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Religious Life

She likes the freedom but needs peers

Special Report Writer

Renee Daigle is not about to apologize for what’s wonderful about her life. “I get a full night’s sleep. I know when I go to bed I won’t be awakened by a crying child.” Her six nieces and nephews have all stayed overnight in the convent with “their aunt, the nun” and the four other sisters in her community.

Daigle, 37, entered the Marianites of Holy Cross, in New Orleans, almost 16 years ago. Until a few months ago she was the youngest sister although she’d seen many younger than her enter and leave. Now in her fourth year as vocations director for her province, she goes wherever she can to be with young people and to encourage young women to consider religious life.

Her days are full of visiting confirmation classes and high schools. She gives “busy persons’ retreats” and hangs out with Theology on Tap, a group of Catholics aged 21 to 40 who meet monthly in a local bar for happy hour, followed by a speaker. The New Orleans archdiocese sponsors the program.

She is also pursuing a master’s degree in curriculum and early childhood studies at the University of New Orleans after teaching pre-school and kindergarten for 10 years. Her dream is to run a day care center.

Did she ever want to have children? “Of course,” she told NCR. One of the joys of being a Marianite is the chance to discuss such feelings and the struggles that others in her community have had over such choices. “Nobody can have it all in married or single life. These are choices I chose to live with. No one forced me to choose them.”

What she has gained from her community is encouragement to take leadership roles in the order and in other organizations. “They’ve called on my own gifts. I’m free to be an individual. There’s no set box I have to fit in,” she said.

The Marianites have also “challenged me to stretch. They’re not letting me be complacent,” she said. “If I were married, I would expect my husband to challenge me to be my best self.”

Daigle already had her degree in elementary education from Nicholls State University in Thibodaux, La., when she entered. That day might not have dawned but for an “awakening” retreat offered at the diocesan run Nicholls Catholic Center, where the Marianite vocations director used to “hang out” with the students. The center helped nurture three or four vocations among Daigle’s classmates.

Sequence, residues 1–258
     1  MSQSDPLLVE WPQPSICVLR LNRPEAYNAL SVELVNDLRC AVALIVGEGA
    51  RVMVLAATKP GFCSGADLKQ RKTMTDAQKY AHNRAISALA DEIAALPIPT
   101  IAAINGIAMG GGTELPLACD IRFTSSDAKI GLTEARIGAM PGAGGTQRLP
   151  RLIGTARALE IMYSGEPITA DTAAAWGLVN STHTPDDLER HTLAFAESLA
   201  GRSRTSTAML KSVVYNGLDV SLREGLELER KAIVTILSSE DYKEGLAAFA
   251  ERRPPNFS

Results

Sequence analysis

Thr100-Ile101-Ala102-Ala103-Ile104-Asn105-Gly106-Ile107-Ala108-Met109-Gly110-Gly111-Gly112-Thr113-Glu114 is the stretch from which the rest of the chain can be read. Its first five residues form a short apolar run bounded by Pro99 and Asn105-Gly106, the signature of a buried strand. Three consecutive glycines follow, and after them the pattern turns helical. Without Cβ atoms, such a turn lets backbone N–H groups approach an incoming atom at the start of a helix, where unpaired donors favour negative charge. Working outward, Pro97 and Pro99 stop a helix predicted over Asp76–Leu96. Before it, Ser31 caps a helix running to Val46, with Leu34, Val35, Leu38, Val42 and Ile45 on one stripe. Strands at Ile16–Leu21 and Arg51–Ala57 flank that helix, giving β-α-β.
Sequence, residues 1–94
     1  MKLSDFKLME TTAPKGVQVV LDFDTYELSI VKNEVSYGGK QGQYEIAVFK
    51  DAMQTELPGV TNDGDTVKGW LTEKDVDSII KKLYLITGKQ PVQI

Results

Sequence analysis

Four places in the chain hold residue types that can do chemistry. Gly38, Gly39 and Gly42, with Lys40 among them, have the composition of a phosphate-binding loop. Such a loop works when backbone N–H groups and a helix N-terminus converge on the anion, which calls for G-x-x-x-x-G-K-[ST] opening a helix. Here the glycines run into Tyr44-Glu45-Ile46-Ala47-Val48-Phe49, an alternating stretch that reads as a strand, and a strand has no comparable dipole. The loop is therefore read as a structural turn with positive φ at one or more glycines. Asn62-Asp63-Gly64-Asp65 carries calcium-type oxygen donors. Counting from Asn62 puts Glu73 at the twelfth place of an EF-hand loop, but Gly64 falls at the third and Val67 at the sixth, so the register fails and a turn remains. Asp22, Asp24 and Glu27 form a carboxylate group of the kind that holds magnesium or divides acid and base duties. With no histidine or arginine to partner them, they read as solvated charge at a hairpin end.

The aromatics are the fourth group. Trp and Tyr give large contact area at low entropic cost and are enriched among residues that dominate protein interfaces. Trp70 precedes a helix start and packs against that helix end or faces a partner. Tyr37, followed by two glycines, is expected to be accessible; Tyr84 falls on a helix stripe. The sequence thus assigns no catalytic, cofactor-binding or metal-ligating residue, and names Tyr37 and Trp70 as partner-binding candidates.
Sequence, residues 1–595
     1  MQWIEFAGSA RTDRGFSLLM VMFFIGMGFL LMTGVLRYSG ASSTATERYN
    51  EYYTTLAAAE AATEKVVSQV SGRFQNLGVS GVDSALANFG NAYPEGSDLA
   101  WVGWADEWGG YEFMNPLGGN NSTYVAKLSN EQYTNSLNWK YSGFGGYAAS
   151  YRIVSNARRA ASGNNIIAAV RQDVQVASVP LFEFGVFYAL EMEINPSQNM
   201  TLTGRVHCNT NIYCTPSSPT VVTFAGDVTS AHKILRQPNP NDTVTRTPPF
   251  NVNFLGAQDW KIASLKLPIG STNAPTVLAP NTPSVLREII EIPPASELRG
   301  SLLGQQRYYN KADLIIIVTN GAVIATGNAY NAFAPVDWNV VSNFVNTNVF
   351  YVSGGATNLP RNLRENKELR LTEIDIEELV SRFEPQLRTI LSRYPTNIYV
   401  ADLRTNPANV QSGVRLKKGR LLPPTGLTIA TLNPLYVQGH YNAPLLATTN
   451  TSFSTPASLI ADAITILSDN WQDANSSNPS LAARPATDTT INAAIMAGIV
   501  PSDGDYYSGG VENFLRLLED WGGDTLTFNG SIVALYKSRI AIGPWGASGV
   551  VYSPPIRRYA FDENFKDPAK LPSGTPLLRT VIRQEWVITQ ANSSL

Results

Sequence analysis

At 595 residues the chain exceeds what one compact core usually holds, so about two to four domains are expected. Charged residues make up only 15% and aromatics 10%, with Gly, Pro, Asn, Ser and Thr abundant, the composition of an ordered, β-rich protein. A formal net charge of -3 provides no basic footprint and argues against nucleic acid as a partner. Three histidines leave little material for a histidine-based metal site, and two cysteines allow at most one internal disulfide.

The Marianites had been Daigle’s primary and secondary school teachers. Her great aunt, Marianite Sr. Edmund Schexnaildre, 90, stopped teaching four years ago. While the order was more familiar to her than any other, Daigle was still shocked when a member of the order asked her: “Renee, are you going to be a nun?”

“I was screaming and hollering in the car. I almost made her let me out. I knew these women were not perfect,” Daigle said, “Some were even a little eccentric. But her invitation fostered my curiosity to learn more.”

When she finally admitted to herself, “I’m going to try it,” Daigle found peace. “I knew I had nine years to make up my mind.” After living the life for three years, she took her first vows. She said final vows seven years ago.

The hardest thing about the life is not having other sisters her age. “I need peer relations.” That’s why she enjoys spending time with graduate students, other young singles and married folks.

At times Daigle bristled that her own growing stages were discounted. On her 30th birthday, she expected congratulations, but instead was told by some sisters: “Oh, 30 is nothing. We’re twice your age.” That made Daigle angry.

So did an older sister’s stare last summer when Daigle wore shorts to a retreat on a hot Louisiana day. But like many Gen Xers, Daigle has no hesitation speaking about her feelings -- unlike many older members of religious orders. “I don’t take it. I give it right back,” she said. When she communicated her feelings to the sister who’d looked disapprovingly at her, the elder nun was apologetic. Today they are close friends. Daigle noted that older sisters may pass judgment unintentionally.

Daigle thinks that members of religious communities “must be willing to do whatever we expect of those in formation.” This includes setting goals, evaluating the goals and one another, listening, sharing our lives and opening our homes to young people. “Our sisters identify so much with their ministries that we often forget we’re part of a community, too” -- not just the principal or the food pantry worker, she said.

National Catholic Reporter, February 23, 2001